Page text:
Skip To Main

Congresswoman Clarke’s Calls On President Obama to Stop Deportations

Brooklyn, N.Y. – Congresswoman Yvette D. Clarke today asked President Obama to stop the deportation of Americans who lack legal status in the United States, to prevent the continued dislocation of families and children that disrupts the communities we share.

“There are thousands and thousands of family in the community I represent who are threatened with deportation. These are real families – mothers and fathers, sons and daughters – who are living with the risk of separation, in some instances, permanent separation.” said Congresswoman Clarke. “Until we have comprehensive reform of a failed system of immigration, we cannot in good faith allow the often irrevocable harm of deportation to continue. With each day, we deport more than one thousand people who could potentially become citizens.”

In July, the Senate passed an immigration reform bill that would allow most of the victims of our failed system of immigration to obtain status as legal permanent residents and, eventually, to become citizens. Republican leaders in the House of Representatives have refused, however, to allow a vote on the bill.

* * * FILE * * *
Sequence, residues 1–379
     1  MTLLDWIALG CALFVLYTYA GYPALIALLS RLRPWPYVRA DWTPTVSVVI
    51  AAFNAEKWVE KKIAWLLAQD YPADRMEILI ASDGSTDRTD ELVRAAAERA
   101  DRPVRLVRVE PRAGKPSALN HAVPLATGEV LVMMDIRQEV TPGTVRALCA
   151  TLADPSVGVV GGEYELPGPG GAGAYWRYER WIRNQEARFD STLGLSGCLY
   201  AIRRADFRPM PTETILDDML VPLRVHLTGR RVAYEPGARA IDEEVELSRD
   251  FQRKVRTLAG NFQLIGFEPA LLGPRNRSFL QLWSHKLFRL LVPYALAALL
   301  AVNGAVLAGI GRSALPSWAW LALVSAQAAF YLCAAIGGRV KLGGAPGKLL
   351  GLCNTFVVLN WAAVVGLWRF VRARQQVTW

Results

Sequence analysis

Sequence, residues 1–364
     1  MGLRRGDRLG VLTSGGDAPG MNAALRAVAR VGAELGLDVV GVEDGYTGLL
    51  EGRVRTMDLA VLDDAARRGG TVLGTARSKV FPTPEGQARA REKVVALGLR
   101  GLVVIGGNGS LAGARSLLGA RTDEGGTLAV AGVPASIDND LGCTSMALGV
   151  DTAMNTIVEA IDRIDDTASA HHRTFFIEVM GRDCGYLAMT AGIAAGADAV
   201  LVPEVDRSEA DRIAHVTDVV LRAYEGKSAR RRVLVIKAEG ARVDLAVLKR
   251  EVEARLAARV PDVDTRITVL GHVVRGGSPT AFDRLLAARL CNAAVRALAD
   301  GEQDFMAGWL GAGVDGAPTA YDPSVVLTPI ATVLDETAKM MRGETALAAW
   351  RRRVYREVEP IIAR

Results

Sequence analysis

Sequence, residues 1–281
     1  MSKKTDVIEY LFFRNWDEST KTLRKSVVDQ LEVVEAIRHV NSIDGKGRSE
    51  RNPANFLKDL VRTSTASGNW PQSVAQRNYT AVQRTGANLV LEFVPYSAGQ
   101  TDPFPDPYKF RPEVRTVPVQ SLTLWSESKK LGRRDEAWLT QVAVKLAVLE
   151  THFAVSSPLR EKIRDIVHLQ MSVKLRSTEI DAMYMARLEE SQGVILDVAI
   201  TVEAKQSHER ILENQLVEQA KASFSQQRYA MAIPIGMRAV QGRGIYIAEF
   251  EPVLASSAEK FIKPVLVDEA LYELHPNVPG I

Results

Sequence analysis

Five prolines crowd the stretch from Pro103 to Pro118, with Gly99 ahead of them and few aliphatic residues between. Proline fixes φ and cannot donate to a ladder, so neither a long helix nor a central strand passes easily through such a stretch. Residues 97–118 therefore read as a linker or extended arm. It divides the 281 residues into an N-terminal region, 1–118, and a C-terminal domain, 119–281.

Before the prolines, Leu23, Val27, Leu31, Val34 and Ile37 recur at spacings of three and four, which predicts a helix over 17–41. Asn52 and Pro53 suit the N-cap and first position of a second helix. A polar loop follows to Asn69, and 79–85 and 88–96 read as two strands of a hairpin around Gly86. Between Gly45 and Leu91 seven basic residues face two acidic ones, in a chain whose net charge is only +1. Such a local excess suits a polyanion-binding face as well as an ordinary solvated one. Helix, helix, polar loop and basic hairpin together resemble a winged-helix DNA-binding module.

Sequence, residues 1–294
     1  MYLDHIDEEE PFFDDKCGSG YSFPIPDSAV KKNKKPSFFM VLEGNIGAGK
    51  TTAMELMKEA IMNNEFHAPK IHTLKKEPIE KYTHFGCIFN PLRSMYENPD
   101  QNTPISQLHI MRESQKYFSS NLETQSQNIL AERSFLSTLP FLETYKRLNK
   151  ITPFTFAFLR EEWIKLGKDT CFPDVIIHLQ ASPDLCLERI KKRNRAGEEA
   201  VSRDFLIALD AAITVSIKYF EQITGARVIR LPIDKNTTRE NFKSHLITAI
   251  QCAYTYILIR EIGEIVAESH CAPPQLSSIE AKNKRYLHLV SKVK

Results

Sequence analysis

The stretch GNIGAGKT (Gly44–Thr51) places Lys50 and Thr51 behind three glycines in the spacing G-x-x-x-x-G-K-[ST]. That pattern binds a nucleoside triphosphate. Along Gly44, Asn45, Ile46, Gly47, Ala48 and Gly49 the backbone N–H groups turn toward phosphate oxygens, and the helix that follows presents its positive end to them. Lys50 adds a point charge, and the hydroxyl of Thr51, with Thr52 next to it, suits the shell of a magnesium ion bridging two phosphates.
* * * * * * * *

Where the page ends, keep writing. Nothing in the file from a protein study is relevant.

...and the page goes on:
Congresswoman Clarke continued: “The people we represent have a right to expect that Congress will enact comprehensive immigration reform that based on our values, particularly the belief that families should be protected from dislocation. In the meantime, we should prevent the unnecessary separation of family members.”

U.S. Representative Yvette D. Clarke is a member of the House Committee on Small Business, Ethics, and Homeland Security, where she is the Ranking Member of the Subcommittee on Cybersecurity, Infrastructure Protection, and Security Technologies. She represents many neighborhoods in central and southern Brooklyn, NY which include Brownsville, Crown Heights, East Flatbush, Flatbush, Gerritsen Beach, Madison, Midwood, parts of Park Slope and Flatlands, Prospect Heights, Prospect-Lefferts Gardens, Sheepshead Bay, and Windsor Terrace.

Issues: , ,